. reg housing total, noconstant

> 12\Problem Set 2 Fall 2012\housing.dta”, clear

equal to 0, that is – if all the regressors jointly have no explanatory power.

(d) Find the F-statistic for regression (4) and explain what is it testing?

The F-statistic for regression (4) is 11.14 (this is not from the table); it is jointly testing whether

all of the coefficients are equal to 0, that is – if all the regressors jointly have no explanatory

power.

(e) Are bgfriend (whether you have a boy/girlfriend) and campus (whether you live on

campus) jointly significant determinants of college GPA? Use regression (2) and (4)

to test your hypothesis. (i.e. use homoskedasticity-only F stat formula, eq.7.14 in the

book, instead of directly testing with STATA)

at least one coef. is nonzero

where and are obtained from regression (4) and (2) respectively; the number of

restrictionsis q=2; is the number of regressors in the unrestricted regression; q and

are degrees of freedom for the F distriction(here we performnon-robust regressions).

F(2, 135, Î±=0.05) =3.06>2.62, thus we cannot reject at the 5% significance level. We tend to

conclude that bgfriend and campus jointly have no explanatory power. Alternatively, we can use

the Stata command: di fprob(2, 135, 2.62) to find the associated p-value = .077>.05, again we

cannot reject at the 5% significance level

Table 1

Definitions of Variables in GPA4.dta (data is from Wooldridge textbook)

Variable Definition

colGPA Cumulative College Grade Point Average of a sample of 141 students

at Michigan State University in 1994.

hsGPA High School GPA of students.

skipped Average number of classes skipped per week.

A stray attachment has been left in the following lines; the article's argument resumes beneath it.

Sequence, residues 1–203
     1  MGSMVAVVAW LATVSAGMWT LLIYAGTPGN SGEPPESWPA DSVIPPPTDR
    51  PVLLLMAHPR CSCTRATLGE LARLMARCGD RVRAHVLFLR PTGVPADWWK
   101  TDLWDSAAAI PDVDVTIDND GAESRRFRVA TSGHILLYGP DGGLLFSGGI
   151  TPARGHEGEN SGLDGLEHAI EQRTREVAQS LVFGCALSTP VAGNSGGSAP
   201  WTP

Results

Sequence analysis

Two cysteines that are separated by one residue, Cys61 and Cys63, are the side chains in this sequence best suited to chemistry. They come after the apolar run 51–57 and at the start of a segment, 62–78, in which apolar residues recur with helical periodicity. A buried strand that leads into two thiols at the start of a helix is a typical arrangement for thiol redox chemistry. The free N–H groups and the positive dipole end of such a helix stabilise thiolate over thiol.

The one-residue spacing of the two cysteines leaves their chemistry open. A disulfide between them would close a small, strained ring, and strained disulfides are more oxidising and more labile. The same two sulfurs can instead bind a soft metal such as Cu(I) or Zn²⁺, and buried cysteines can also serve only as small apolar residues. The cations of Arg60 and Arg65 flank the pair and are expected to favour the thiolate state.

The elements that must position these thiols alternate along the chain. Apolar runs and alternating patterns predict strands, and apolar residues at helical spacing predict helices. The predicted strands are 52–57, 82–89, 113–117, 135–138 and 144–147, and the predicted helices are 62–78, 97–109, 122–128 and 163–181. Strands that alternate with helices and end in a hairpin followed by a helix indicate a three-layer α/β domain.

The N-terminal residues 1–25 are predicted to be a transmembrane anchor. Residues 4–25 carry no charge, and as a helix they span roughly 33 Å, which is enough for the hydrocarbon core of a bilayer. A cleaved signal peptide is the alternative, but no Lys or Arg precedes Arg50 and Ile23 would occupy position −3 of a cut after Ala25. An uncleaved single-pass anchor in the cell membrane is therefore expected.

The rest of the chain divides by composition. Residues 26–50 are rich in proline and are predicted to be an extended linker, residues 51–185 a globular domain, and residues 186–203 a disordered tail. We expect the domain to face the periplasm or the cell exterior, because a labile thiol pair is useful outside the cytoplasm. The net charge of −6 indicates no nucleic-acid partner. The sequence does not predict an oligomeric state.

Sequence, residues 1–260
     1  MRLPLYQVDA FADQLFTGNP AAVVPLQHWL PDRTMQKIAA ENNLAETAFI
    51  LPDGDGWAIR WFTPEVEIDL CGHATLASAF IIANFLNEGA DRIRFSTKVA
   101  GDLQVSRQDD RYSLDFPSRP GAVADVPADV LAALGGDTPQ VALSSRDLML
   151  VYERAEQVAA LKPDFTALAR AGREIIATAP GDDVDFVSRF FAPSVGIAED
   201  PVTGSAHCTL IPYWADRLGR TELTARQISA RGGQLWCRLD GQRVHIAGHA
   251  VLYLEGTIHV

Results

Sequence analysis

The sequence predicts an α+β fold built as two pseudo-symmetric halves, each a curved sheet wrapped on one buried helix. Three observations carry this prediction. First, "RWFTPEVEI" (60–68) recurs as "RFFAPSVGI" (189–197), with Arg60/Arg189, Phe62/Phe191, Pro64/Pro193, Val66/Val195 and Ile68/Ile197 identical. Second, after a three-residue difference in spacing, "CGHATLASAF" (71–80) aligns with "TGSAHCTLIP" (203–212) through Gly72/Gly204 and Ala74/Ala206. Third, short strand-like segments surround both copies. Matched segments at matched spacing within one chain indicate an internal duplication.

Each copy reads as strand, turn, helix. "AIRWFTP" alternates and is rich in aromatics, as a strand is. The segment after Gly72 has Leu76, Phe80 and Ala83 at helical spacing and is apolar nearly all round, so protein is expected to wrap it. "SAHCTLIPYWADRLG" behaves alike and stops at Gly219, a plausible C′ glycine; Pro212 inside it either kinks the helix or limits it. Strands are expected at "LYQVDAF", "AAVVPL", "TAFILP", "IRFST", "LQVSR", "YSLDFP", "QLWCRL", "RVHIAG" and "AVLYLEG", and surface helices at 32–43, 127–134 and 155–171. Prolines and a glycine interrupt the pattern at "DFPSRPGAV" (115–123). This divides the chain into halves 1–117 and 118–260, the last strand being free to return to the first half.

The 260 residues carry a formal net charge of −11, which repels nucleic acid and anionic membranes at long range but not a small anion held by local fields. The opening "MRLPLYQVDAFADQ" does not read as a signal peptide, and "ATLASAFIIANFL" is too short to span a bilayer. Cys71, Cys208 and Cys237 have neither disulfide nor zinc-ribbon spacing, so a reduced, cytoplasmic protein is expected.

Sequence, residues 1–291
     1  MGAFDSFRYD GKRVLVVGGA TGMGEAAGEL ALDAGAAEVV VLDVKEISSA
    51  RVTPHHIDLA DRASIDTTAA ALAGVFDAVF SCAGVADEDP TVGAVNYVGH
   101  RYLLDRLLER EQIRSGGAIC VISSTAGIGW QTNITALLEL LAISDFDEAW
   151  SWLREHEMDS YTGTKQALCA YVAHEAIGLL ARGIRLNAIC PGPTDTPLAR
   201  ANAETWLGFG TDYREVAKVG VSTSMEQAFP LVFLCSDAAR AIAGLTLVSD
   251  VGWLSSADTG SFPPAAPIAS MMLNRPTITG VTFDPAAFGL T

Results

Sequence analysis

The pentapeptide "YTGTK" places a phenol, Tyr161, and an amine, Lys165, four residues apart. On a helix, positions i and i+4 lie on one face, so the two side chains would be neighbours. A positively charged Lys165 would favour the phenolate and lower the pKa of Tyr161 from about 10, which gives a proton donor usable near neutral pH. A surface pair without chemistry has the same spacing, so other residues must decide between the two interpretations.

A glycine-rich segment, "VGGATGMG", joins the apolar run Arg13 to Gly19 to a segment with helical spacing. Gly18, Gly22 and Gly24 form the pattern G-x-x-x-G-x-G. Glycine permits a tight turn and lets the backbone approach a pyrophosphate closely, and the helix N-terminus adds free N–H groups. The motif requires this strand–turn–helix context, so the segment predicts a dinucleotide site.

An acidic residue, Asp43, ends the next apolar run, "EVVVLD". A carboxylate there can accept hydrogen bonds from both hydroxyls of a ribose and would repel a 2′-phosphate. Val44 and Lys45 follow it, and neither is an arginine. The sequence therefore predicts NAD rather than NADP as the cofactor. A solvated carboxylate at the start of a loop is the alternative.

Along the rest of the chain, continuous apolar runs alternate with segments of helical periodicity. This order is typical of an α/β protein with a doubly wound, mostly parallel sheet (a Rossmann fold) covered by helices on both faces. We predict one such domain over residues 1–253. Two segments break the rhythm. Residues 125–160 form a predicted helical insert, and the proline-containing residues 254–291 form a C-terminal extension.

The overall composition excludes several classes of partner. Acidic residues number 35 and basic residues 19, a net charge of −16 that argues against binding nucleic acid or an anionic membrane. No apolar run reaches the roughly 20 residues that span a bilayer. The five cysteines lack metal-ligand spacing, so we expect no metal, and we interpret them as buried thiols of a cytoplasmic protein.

PC = 1 if the students owns a personal computer

= 0 otherwise.

bgfriend = 1 if the student answered â€œyesâ€ to having a boy/girl friend

question

= 0 otherwise.

campus = 1 if the student lives on campus.

= 0 otherwise.

Table 2

College GPA Results Dependent variable: colGPA

Regressor (1) (2) (3) (4)

hsGPA .458

(.094)

.455

(.092)

.460

(.093)

.461

(.090)

Skipped -.077 -.065 -.065 -.071

(.025) (.025) (.025) (.026)

PC __ .128

(.059)

.130

(.059)

.136

(.058)

bgfriend __ __ .084

(.055)

.085

(.054)

campus __ __ __ -.124

(.078)

Intercept 1.579

(.325)

1.526

(.321)

1.469

(.325)

1.490

(.317)

F-statistics testing the hypothesis that the population coefficients on the indicated

regressors are all zero:

hsGPA, skipped 20.90

(.00)

19.34

(.00)

19.42

(.00)

21.19

(.00)

hsGPA, skipped, PC __ 15.47

(.00)

15.56

(.00)

17.46

(.00)

hsGPA, skipped, PC, bgfriend, __ __ 12.07

(.00)

13.62

(.00)

bgfriend, campus __ __ __ 2.55

(.082)

Regression summary statistics

.211 .234 .241 .252

R

2

.223 .250 .263 .278

Regression RMSE .331 .326 .324 .322

n 141 141 141 141

Notes: Heteroskedasticity-robust standard errors are given in parentheses under estimated

coefficients, and p-values are given in parentheses under F- statistics. The F-statistics are

heteroskedasticity-robust.

2 R

Following questions will not be graded, they are for you to practice and will be discussed at

the recitation by your teaching assistant:

1. SW Empirical Exercise 6.1

6.1. Regressions used in (a) and (b)

Regressor

Model

a b

Beauty 0.133 0.166

Intro 0.011

OneCredit 0.634

Female âˆ’0.173

Minority âˆ’0.167

NNEnglish âˆ’0.244

Intercept 4.00 4.07

SER 0.545 0.513

R

2 0.036 0.155

(a) The estimated slope is 0.133

(b) The estimated slope is 0.166. The coefficient does not change by a large amount. Thus, there

does not appear to be large omitted variable bias.

(c) The first step and second step are summarized in the table

Regressor